My breast cancer story is old news, literally.
Check it out – Yukon News, Wednesday, May 5, 1999, page 17, an interview with reporter Amy Steele entitled Beating Breast Cancer and a Mike Thomas photo that mortified my children (lovely mastectomy scar.)
At 48, my life was playing out like a tacky afternoon soap opera: husband left with another woman, three half-grown kids to raise, working nights at the hospital, then oh, good, let’s add breast cancer to the mix to see if we can ratchet up the stress level just a little more …
That was 12 years ago.
This summer I turn 60 and, let me tell you, life is good.
Surgery and chemotherapy were successful; yearly check-ups have been uneventful. My children are grown and gone, two are married, one has a son – my amazing grandson who turned two last Saturday. No more 12-hour night shifts – I’m semi-retired now, with my own little home-based business to keep me out of mischief. I’ve remarried – a hard working Yukon man who treats me like a queen. We’ve recently downsized into a nifty little condo, which, I believe, will allow me to pursue some interests that have been on the back burner for years.
Still, it’s not all sunshine and lollipops.
With age, I am increasingly aware of the women who did not and do not and will not survive breast cancer, what they forfeit when their lives are cut short, and I am left with a nagging ache in my soul.
Twelve years since my own breast cancer experience and still, the statistics are disturbing:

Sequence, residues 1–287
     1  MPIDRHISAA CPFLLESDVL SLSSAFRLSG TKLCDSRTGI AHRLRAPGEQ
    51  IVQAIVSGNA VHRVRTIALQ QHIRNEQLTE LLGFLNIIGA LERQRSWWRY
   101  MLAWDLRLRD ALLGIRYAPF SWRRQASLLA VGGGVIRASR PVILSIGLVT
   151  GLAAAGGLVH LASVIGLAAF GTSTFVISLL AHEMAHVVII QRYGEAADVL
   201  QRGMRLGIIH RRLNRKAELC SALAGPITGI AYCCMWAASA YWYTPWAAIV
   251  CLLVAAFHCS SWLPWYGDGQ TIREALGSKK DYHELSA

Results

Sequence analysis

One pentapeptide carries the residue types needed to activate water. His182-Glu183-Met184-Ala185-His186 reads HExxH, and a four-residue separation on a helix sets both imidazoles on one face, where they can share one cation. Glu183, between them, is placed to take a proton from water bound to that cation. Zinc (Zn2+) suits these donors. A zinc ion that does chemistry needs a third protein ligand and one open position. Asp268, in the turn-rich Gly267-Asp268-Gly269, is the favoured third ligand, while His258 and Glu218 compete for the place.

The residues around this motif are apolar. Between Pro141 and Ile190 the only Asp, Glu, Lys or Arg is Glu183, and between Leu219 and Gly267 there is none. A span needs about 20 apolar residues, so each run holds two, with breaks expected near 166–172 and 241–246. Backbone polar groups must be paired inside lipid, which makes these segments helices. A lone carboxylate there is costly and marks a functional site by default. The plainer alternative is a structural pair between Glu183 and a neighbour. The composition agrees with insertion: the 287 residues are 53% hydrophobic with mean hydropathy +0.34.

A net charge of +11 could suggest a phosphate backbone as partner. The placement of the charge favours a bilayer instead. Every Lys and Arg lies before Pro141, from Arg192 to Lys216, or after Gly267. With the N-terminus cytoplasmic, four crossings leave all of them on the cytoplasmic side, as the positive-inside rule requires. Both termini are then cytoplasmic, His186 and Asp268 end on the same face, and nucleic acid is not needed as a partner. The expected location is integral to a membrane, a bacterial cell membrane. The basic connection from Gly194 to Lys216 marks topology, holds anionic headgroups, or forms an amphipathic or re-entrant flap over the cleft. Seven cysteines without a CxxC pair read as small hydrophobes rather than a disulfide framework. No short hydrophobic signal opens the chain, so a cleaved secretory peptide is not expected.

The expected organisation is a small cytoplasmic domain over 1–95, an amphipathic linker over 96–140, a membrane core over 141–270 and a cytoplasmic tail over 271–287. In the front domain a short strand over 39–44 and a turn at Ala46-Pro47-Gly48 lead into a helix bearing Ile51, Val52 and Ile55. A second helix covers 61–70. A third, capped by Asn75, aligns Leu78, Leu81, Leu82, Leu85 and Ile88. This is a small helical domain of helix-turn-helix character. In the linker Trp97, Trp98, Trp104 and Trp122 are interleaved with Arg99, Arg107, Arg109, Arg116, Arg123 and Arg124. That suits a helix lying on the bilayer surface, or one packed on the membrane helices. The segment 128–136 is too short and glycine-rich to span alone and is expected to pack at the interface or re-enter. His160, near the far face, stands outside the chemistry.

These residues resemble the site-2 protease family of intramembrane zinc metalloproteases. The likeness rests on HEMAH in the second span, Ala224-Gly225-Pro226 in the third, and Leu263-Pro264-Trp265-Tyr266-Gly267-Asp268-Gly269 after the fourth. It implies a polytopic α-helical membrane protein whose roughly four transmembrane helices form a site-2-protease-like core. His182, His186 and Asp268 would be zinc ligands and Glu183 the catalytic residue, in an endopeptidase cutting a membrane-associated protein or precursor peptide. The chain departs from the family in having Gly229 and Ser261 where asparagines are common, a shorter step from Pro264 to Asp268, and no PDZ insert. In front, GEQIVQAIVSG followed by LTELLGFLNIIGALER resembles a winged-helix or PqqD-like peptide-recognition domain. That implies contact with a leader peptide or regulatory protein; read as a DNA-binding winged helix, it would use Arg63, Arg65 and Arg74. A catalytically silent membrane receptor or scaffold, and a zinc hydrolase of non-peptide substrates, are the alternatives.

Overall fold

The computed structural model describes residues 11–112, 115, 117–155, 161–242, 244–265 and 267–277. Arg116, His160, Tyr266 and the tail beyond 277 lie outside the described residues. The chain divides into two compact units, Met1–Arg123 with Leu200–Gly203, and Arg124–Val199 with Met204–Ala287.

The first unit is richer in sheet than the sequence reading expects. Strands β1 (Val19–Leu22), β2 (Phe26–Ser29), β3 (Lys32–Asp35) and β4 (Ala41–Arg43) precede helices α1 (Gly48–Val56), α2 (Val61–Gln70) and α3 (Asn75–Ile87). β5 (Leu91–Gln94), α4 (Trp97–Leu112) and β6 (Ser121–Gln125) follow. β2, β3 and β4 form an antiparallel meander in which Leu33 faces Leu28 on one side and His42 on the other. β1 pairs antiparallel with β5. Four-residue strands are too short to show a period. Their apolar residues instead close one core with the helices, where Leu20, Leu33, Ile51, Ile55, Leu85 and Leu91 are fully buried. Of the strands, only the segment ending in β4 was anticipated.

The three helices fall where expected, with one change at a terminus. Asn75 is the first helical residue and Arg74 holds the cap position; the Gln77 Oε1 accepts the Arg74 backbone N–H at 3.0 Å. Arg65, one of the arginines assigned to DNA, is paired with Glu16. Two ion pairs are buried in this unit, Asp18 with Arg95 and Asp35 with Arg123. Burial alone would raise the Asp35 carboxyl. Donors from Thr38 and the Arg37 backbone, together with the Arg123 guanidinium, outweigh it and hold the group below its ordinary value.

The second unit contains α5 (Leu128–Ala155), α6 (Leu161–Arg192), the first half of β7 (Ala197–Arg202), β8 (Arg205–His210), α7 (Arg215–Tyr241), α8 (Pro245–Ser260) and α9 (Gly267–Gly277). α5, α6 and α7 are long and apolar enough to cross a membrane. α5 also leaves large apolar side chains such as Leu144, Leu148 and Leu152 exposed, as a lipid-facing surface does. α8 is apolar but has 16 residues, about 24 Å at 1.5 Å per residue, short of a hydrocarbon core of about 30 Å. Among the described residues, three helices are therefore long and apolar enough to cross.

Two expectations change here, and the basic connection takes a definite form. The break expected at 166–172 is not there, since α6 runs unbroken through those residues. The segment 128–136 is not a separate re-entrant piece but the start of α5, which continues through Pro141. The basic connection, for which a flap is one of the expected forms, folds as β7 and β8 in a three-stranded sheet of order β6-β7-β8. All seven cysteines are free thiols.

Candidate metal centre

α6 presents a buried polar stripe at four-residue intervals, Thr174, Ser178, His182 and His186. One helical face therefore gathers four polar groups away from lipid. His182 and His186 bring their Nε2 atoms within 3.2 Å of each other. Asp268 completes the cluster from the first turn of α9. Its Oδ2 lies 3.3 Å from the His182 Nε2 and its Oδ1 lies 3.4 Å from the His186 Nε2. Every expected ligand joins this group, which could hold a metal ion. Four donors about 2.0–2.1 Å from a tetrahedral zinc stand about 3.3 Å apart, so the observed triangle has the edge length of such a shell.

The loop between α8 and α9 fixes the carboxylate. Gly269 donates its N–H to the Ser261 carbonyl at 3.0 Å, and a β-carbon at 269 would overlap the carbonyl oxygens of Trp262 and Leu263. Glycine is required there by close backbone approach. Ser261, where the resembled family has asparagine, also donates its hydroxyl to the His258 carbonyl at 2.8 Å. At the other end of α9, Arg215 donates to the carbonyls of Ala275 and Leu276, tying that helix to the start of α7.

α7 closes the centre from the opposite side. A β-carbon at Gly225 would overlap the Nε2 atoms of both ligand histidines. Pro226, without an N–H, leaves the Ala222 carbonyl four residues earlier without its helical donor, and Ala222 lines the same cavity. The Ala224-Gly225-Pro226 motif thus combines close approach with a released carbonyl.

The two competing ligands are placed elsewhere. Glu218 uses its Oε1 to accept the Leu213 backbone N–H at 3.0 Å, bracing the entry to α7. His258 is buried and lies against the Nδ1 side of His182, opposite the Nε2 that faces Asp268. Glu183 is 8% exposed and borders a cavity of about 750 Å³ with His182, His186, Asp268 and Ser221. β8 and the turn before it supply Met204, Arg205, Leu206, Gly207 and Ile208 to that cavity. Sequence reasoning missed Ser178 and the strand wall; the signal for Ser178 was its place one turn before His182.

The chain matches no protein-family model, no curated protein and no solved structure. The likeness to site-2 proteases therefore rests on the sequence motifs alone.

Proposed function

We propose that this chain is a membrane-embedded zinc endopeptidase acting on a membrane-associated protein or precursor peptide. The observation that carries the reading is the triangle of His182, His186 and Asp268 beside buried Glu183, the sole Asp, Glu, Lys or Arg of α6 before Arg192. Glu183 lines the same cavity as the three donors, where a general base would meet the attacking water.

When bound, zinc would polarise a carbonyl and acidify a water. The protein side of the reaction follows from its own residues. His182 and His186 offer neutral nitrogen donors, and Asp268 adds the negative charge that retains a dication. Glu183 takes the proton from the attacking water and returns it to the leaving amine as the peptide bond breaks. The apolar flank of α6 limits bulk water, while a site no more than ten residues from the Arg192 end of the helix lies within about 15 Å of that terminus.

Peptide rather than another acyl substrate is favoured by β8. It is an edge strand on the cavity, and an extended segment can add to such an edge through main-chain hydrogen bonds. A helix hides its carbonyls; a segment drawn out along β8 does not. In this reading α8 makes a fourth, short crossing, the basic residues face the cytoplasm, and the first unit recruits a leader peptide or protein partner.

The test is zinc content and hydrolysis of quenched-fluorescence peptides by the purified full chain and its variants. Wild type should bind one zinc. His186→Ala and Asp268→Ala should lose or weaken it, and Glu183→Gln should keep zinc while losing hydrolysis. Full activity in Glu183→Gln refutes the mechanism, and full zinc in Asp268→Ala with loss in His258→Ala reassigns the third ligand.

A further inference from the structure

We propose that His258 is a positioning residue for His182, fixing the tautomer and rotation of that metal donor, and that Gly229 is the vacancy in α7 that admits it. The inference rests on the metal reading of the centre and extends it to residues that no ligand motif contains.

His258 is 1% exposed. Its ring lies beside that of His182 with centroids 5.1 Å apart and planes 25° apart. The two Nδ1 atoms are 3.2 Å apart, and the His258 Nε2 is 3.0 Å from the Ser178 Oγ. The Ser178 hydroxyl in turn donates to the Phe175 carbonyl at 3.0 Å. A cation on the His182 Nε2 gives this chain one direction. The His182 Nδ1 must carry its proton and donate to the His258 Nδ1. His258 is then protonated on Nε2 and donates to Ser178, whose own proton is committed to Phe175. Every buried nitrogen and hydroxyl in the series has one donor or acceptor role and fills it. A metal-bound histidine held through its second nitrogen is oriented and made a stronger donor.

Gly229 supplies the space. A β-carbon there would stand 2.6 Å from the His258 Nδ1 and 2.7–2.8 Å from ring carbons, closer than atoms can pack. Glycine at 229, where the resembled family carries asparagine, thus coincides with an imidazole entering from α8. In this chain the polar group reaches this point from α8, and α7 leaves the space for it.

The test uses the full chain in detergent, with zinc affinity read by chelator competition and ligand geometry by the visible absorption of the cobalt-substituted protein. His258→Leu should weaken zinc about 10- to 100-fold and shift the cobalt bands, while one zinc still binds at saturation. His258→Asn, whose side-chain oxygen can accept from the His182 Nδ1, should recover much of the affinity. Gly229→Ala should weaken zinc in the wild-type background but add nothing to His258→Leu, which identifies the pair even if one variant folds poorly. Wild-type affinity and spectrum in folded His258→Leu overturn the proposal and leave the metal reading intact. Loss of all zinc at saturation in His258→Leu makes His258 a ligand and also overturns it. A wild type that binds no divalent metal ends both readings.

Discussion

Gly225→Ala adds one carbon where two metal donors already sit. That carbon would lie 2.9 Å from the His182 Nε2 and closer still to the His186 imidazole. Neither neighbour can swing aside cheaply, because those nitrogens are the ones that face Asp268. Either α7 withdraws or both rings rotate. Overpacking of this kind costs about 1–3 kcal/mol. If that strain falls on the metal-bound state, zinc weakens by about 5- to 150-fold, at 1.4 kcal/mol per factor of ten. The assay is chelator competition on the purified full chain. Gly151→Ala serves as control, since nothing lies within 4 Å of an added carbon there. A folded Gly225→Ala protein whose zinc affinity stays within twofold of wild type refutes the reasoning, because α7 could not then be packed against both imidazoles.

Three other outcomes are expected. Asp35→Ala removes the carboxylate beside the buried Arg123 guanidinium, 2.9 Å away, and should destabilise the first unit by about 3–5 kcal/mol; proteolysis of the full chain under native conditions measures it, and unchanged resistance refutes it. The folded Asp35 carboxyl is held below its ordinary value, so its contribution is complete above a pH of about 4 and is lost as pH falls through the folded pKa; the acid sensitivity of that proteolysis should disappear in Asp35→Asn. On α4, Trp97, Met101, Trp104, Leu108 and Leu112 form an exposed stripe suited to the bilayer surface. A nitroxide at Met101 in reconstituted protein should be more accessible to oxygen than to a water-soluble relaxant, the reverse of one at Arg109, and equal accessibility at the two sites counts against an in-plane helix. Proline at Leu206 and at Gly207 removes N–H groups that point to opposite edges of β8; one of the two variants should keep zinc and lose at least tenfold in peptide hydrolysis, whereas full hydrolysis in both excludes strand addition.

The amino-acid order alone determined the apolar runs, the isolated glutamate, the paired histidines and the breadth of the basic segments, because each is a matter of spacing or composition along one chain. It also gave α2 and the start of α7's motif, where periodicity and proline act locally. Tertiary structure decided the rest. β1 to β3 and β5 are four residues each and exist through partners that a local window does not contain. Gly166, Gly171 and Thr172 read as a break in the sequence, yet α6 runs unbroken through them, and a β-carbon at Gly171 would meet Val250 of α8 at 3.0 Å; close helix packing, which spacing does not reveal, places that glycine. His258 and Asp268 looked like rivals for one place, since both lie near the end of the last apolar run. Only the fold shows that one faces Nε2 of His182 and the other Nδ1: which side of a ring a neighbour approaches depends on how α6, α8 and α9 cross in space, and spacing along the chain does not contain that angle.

* 1.3 million women worldwide are diagnosed annually with breast cancer;
* 465,000 of these women will die.
* 2010 estimates for Canada:
* 23,200 cases of breast cancer will be diagnosed; 5,300 will die.
* (on average) 445 women are diagnosed with breast cancer each week;
* (on average) 100 women will die each week.
One hundred women dying each week while I have the privilege of survival, chasing after my grandson and complaining about the weather!
I have been involved with Paddlers Abreast since the beginning discussions around a conference table at the public library in the fall of 2000 (thanks, Faye for the invitation to attend.)
The goals seemed laudable – to encourage women undergoing diagnosis and treatment, to help survivors regain function post treatment, to honour women who do not survive, etc. – and the physical challenge of paddling to Dawson really grabbed my attention.
Ten years later I’m still paddling. The group – individuals that make up the whole – has touched a lot of lives, and the river keeps teaching me lessons. I’ll continue as long as I am able.
But this year I’m resolved to go a step further. After the River Quest race I’ll be stowing my paddle and dusting off my walking shoes.
This fall my sister and I will participate in a Susan G. Komen three-day for the Cure fundraiser walk primarily targeting breast cancer research. We’ll walk 60 miles over three days – could it be any more strenuous than three days of paddling to Dawson? Not likely. I’m under no illusion that the modest contributions we raise will eradicate breast cancer any time soon, but it’s at least something. It’s not standing at ease while 100 women per week are denied a future.
By faith I know that a time is coming when there will be no more breast cancer; until then I’ll keep on paddling and walking and receiving each day for the gift that it is.
Life is good.
Editor’s note: This is part of series of profiles on
the Paddlers Abreast team. Their latest canoe
voyage begins on June 30.